Off Topic Messages

Thu Mar 09, 2006 12:41 am

I can't disagree TJ as I haven't seen either movie and I appreciate your well thought out defense of "Crash". Due to the passion of "Brokeback Mountain's" ardent admirers I thought this might have happened especially since it's happened many times before. "Driving Miss Daisy" over "Born on the Fourth of July" and the unnominated "Do the Right Thing".

Your comments make me want to see "Crash" even more than I did previously.

Thu Mar 09, 2006 1:06 am

Agreed: I've not seen any of these '06 Oscar flicks. :oops: I usually wait awhile anyway and I'm still mining the great movies of the past. To me,
it's all parlour game anyway.

As an aside, I don't think the Blues Brothers was laugh-out loud funny come to think of it. It was entertaining and probably brought a smile to my face when I first saw it.

Some critics have been (or had been) especially hard on "Crash"- saying that it was too cliched or tidy or had some lines that were howlers. (The clip of the black woman telling her black friend that the only thing he knew about black people was from the Cosby show was probably one example ..)
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LTB wrote:
A lot of people are complaining about that (Oscar-winning) song. However, nobody said great music is supposed to be moral. Look at Pat Hare's "Gonna Murder My Baby". The untold story about the pimp's song win is that nobody writes exclusive original songs for the movies anymore. So, you pretty much have to take what you can get if you want to have an original song category. This year the pickings were so slim the category was cut to three nominations. You could pretty much just burp in tune and get it nominated because there is no competition


I agree. But why not just not give out such an award until a good song is found?

I happen to own and enjoy the music of Pat "I'm Goin' to Murder My Baby" Hare (and he later did, infamously) but he's a true footnote to blues history and main claim to fame was backing Muddy Waters as a guitarist at Newport. He never won a grammy or an Oscar. While violence certainly was and is part of the blues tradition, there are few songs as overt as Hare's number for Sun, and those that do exist normally have their critics.

So, LTB, I say you're too charitable about the Oscar-winning "It's Hard Out Here for A Pimp" by "Three Six Mafia." (Tell that to black working and middle class folks who are teachers, cops, bus drivers, etc. who have to put up with the menace of drug dealers and pimps all too often. Is this the type of song to champion? Oscar's out of touch, again. It's liberals living in suburbs who are championing this song as "art."

The only spark of talent is the female singer - the only one who isn't shouting at you and is actually singing. (I find that part reasonably catchy.) I really can't take rap at face value anymore as being "from the streets." It played into the "aren't we liberal?" cliche of Hollywood to award this "song."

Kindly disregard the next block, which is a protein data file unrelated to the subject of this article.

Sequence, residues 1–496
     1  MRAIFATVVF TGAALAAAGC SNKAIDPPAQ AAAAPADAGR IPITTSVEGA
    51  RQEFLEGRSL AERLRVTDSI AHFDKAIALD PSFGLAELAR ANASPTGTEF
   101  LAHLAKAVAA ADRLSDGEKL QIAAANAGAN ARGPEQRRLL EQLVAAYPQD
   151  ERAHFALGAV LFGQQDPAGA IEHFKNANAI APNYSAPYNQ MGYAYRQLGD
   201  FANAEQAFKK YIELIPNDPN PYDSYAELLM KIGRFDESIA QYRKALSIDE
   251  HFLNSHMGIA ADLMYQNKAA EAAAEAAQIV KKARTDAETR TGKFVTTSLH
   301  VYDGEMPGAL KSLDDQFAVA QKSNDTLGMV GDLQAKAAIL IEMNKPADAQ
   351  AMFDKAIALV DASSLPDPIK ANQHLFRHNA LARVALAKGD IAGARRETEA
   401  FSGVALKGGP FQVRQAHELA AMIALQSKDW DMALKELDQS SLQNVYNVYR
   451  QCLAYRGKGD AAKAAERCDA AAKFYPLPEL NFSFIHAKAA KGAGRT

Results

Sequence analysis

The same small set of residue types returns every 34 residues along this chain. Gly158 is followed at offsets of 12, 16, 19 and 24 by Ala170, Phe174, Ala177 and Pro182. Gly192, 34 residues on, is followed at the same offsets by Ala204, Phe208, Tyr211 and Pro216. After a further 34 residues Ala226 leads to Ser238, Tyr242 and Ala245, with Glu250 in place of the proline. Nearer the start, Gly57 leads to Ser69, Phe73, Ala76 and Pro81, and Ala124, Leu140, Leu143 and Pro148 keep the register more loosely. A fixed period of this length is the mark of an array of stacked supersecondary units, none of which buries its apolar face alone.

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The Oscar-winning makers of "It's Hard Out Here For A Pimp"

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By the way, for those who don't already know, that's Pat Hare on the left (behind Elvis) in this great shot of the King with Junior Parker, Bobby "Blue" Bland, etc. on Beale Street in the '50s.


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http://www.washingtonpost.com/wp-dyn/co ... 01461.html

Oscar Winner Hits Angry Chord
'Pimp' Song Denounced for Exploiting Negative Stereotypes


By Avis Thomas-Lester
Washington Post Staff Writer,Tuesday, March 7, 2006; B03

When Christine Smith heard the song "It's Hard Out Here for a Pimp" announced as the Oscar winner for best original song on Sunday night's telecast, she almost fell off the sofa in her Arlington, Virginia living room.

Deborah Veney Robinson of Silver Spring, Maryland had pretty much the same reaction. So did Juaquin Jessup of Northwest Washington, D.C.

"It was just like during the time when all the blaxploitation films were coming out with African Americans being portrayed as pimps and hos and gangsters," said Jessup, 51.

"It was another example of how they pick the worst aspects of black life and reward that. There are more important things in our culture that need focus more than the hardships of a pimp," he said. "The only place many people see our culture is through movies and on television, and at the same time, this country is experiencing an influx of people coming over here from all over the world, and the only thing they see of black America through the media is . . . pimps and gangsters and all of that. It's always some low-down brother or some welfare mother."

Particularly offensive to Robinson, 36, was the performance by hip-hop group Three 6 Mafia, featuring men dressed as pimps and women in the hot pants and rabbit furs of streetwalkers. "I have no problem with movies and songs being gritty," she said, "but I have a problem with something that falls just short of a minstrel show."

In many parts of the Washington region yesterday, debate was raging about the motion picture academy's selection of the theme song from the pimp saga "Hustle & Flow," starring Terrence Howard, to win the Oscar.

The song -- written by Three 6 Mafia members Jordan Houston, Cedric Coleman and Paul Beauregard -- beat out songs from "Crash" and "Transamerica."